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Video games can never be art

Roger Ebert expounds upon — but does not reconsider — his rejection of the aesthetic possibilities of the video game. Ebert is prompted to return to the topic because of a talk by Kellee Santiago, who used cave paintings and stills from early black and white movies to argue that just as painting and movies have evolved, video games will evolve too.  Ebert rejects Santiago’s premise that the cave paintings…

The 2010 Lyttle Lytton Contest

“I shouldn’t be saying this, but I think I’ll love you always, baby, always,” Adam cried into the email. –Shexmus Amed The winner from Adam Cadre’s “Lyttle Lytton” contest (an awful-first-line contest, named after the author who famously penned “It was a dark and stormy night”) My favorite was actually: There was only one man salubrious enough to assuage my hunger for love — senator Saxby Chambliss (R-GA). –Kevin Sands

I Admit It, The iPad Is A Kindle Killer. I Just Wish It Weren't Going To Kill Reading Too

Even for those who love books enough to persevere with reading without e-ink will soon face another problem with the awesomeness of the iPad. The device does so many different things so well that there’s a constant urge when you’re using one to do something else. Two or three pages into a book, you’re already wondering whether you’ve got new mail, or whether anyone has atted you on Twitter. One…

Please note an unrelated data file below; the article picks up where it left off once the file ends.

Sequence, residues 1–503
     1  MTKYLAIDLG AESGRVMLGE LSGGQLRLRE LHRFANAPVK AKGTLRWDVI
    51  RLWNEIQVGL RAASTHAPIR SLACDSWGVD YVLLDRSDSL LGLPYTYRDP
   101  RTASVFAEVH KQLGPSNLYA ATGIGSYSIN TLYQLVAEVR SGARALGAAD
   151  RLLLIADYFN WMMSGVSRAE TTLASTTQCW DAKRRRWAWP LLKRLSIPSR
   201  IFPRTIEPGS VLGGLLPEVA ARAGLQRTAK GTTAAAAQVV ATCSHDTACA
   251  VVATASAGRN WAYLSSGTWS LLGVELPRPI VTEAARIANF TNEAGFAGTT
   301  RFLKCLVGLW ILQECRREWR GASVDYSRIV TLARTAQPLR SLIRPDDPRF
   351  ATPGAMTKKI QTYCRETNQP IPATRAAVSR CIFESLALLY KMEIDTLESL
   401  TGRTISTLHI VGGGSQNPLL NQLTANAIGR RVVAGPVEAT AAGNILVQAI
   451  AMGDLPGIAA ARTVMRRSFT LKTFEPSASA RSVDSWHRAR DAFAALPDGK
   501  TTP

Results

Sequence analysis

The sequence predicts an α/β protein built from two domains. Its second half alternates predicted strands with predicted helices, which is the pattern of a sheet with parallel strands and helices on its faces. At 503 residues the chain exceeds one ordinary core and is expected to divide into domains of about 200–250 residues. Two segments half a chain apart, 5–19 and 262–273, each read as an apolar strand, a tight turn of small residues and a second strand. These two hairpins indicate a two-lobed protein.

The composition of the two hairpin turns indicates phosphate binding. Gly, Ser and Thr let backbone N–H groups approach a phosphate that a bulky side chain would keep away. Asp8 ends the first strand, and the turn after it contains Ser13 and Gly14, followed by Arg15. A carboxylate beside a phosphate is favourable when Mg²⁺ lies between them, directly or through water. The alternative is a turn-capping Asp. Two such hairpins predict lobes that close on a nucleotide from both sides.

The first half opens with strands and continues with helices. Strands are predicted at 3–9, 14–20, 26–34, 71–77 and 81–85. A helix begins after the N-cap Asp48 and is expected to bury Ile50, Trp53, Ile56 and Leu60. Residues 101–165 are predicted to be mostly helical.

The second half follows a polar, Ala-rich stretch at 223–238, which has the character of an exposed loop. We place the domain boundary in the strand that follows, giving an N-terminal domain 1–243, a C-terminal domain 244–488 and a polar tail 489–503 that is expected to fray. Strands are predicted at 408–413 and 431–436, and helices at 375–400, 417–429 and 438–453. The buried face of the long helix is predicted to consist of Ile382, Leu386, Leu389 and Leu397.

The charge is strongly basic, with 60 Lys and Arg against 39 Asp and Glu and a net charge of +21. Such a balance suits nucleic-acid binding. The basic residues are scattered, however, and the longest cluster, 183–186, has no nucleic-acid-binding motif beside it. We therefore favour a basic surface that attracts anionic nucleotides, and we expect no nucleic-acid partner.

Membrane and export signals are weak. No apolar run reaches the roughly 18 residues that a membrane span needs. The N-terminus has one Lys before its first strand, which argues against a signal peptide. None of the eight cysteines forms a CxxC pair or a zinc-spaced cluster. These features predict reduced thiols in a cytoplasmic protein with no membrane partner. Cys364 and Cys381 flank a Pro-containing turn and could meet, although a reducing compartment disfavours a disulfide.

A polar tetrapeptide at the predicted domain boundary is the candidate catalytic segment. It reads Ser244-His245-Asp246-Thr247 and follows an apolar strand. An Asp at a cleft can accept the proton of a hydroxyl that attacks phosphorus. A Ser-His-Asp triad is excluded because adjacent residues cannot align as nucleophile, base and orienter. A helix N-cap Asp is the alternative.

Introduction to the Memex

I just posted a new handout, introducing students in my “History and Future of the Book” course to Vannevar Bush and his memex. I’ll probably tweak that handout a bit more, but it’s quitting time today. In 1946, Vannevar Bush published “As We May Think” (I assigned it in EL236, but I’m not assigning the whole article this time — this online handout should provide you with what you need…

Emanuel Goldberg, Electronic Document Retrieval, And Vannevar Bush's Memex

“As We May Think” has been constantly cited ever since, a development that has been analyzed by Smith (1981), who noted that the article has been used as a symbol for a number of different concepts. However, references to it often have little substance. The paper has become a fashionable icon of modern information science, typically used as a convenient point of departure, or as an invocation of respectability. Bush…